Paradoxes of Christmas

  1.  The Infinite One becomes an infant.
  2. An antiphon for the Christmas season says, How can we find words to praise your dignity O Virgin Mary, for he whom the very heavens cannot contain, you carried in your womb.
  3. An old Latin Carol (in Dulci Jublio) says, Alpha et O, Matris in Gremio – (Alpha and Omega, sitting in mommy’s lap).
  4. He who looks down on all creation looks up to see his mother. The most high looks up from a cradle. Of this moment even the pagans wrote with longing and tenderness: Incipe, parve puer, risu cognoscere matrem….ipsa tibi blandos fundent cunabula flores, occidet et serpens, et fallax herba veneni occidet (Begin, little boy to recognize the face of your mother with a smile….For you, your own cradle will bear delightful flowers; the serpent will die, and the plant that hides its venom) – Virgil 4th Eclogue.
  5. He who indwells all creation is born in homelessness.
  6. He to whom all things in heaven and on earth belong, is born in poverty and neediness.
  7. He is the mighty Word through whom all things were made. He is the very utterance of God, the Voice which summons all creation into existence. Of this Word, this Utterance, this Voice, Scritpure says, The voice of the LORD is upon the waters; the God of glory thunders, the LORD, upon many waters. The voice of the LORD is powerful, the voice of the LORD is full of majesty….The voice of the LORD flashes forth flames of fire. The voice of the LORD shakes the wilderness …The voice of the LORD makes the oaks to whirl, and strips the forests bare; and in his temple all cry, “Glory!” (Ps. 29). Yet, this voice is now heard as the cooing and crying of an infant.
  8. His infant hand squeezes his mother’s finger, as infants do. From that same hand, the universe trumbled into existence. That same hand is steering the stars in their courses.
  9. He who holds all creation together in himself (Col 1:17) is now held by his mother.
  10. He who is the Bread of Life is born in Bethlehem (House of Bread) and lies in a feeding trough (manger).
  11. He who is our sustainer and our food, is now hungry and fed by his mother.
  12. Angels and Archangels may have gathered there, Cherubim and Seraphim thronged the air! But only his mother in her maiden bliss, could worship the beloved with a kiss. (Christina Rosetti “Ere the Bleak Mid Winter”).
I found this list at Msgr. Pope's blog, along with this video:

It reminds me of the song that I am singing with my wife's preschoolers in their Christmas program, "Mary did you know?"

Did you know that your baby boy would one day walk on water?

that your baby boy would give sight to a blind man? would calm a storm with his hand?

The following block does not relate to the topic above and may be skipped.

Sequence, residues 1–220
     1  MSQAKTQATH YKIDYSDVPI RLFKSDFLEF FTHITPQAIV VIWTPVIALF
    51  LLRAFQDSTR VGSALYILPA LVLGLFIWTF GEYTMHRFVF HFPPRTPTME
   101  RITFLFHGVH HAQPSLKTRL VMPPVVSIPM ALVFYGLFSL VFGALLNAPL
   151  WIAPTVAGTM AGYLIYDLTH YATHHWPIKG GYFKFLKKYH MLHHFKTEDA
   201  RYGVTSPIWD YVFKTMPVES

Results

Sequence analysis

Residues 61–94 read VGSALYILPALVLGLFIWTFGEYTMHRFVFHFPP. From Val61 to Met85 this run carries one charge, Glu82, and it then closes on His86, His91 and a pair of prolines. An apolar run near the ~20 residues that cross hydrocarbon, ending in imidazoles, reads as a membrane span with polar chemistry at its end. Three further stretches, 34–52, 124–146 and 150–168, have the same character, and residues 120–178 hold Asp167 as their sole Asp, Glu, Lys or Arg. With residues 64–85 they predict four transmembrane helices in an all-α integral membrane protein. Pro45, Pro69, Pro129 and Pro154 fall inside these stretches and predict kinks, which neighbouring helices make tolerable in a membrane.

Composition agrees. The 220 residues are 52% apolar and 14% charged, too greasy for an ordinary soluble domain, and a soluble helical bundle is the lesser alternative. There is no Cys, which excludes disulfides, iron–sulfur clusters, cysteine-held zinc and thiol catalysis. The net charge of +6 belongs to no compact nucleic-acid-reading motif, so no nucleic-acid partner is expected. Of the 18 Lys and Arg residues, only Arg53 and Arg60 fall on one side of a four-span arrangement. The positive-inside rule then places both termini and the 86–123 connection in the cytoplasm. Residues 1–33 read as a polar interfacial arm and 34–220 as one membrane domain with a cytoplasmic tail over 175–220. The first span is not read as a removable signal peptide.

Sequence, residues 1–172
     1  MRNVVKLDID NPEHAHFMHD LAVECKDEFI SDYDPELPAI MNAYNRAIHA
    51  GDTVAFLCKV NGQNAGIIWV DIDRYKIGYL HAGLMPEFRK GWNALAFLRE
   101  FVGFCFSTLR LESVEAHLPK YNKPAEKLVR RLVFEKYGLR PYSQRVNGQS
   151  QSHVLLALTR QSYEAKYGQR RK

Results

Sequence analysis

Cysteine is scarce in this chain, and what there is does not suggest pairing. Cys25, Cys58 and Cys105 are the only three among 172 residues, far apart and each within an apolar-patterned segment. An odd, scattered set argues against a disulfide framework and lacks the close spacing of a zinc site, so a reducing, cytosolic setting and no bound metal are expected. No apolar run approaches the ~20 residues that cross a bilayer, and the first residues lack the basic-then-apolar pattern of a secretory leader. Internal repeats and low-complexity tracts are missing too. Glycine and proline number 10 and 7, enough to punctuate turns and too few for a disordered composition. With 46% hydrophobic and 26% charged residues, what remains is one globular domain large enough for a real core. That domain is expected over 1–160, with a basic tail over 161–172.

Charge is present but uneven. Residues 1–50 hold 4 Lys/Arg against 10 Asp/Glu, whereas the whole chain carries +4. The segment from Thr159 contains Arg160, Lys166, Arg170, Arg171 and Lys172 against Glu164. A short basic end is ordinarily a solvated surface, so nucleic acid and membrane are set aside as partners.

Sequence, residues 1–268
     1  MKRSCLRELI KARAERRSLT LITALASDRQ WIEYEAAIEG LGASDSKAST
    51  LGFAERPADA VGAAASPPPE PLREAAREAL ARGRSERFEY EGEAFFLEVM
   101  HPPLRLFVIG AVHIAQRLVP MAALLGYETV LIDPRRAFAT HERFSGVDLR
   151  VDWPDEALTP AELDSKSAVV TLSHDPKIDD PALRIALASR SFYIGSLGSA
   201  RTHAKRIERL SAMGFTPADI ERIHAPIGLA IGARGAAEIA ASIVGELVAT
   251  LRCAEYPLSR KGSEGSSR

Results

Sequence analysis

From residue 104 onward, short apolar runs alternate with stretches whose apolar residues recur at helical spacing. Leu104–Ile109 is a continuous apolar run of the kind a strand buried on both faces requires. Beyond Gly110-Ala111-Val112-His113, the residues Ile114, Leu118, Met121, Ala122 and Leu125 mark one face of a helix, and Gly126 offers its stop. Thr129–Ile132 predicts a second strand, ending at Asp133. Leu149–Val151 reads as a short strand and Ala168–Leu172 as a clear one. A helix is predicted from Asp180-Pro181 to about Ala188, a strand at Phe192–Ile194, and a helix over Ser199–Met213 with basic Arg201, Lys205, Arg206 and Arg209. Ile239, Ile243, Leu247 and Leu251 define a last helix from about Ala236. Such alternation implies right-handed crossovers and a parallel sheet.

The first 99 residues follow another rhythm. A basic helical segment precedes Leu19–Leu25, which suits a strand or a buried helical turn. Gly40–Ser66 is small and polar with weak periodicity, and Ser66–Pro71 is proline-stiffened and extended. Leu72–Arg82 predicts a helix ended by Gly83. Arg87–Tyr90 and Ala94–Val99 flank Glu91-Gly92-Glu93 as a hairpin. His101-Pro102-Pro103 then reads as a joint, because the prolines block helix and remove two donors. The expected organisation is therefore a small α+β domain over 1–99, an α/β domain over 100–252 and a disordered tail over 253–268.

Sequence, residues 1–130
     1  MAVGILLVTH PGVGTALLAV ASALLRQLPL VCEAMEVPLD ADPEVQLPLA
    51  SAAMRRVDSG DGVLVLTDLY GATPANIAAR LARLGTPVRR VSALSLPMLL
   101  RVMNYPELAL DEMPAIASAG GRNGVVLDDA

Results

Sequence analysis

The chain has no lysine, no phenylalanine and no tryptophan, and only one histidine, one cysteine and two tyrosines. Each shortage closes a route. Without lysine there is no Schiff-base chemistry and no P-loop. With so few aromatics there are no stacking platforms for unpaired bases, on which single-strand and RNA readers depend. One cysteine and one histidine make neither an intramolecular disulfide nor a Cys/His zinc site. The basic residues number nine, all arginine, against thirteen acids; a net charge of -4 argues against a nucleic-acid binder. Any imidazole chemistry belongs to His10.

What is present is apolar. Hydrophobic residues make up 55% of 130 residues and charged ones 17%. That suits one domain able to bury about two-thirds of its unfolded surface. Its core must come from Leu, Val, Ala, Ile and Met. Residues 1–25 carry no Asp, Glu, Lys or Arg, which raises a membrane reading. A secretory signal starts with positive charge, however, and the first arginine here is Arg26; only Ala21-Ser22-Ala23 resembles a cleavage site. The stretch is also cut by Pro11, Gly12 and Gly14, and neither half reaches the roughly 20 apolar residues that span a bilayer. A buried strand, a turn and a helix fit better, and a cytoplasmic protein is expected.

Or better still, the book that I read to the religious ed kids at their end of term party, "Father & Son, a Nativity Story" by Geraldine McCaughrean

How can I teach you how to plane wood, asks Joseph, you who planed the plains and carved the valleys?

We should pause and reflect on this miracle of the Incarnation. Swallowing the paradox of Christmas will enable us to swallow the paradox of Transubstantiation. Then we will be capable of fulfilling our vocations. Good thing we have 12 whole days to meditate on these mysteries and celebrate their effects on our human history and individual narratives.  

What kind of a person would you have been if Christ had not become incarnate? What kind of a person do you easily become when you miss Mass on Sunday?

For that alone we should be grateful...

Da-da-yenu, da-da-yenu, da-da-yenu, dayenu, dayenu, dayenu,
Da-da-yenu, da-da-yenu, da-da-yenu, dayenu, dayenu
Had He brought us out of Egypt but not split the sea before us,
brought us out of Egypt, well then da-ye-nu
Had He split the sea before us but not fed us in the desert,
split the sea before us, well then da-ye-nu
Had He fed us with the manna but not brought us to Mount Sinai,
fed us with the manna, well then da-ye-nu
Had He brought us to Mount Sinai but not given us commandments,
brought us to Mount Sinai, well then da-ye-nu
Had He given us commandments but not led us into Israel,
given us commandments, well then da-ye-nu
Had He led us into Israel but not given us the prophets,
led us into Israel, well then da-ye-nu
Had He given us the prophets but not built for us the Temple,
given us the prophets, well then da-ye-nu
Had He built for us the Temple but not promised the Messiah,
built for us the Temple, well then da-ye-nu

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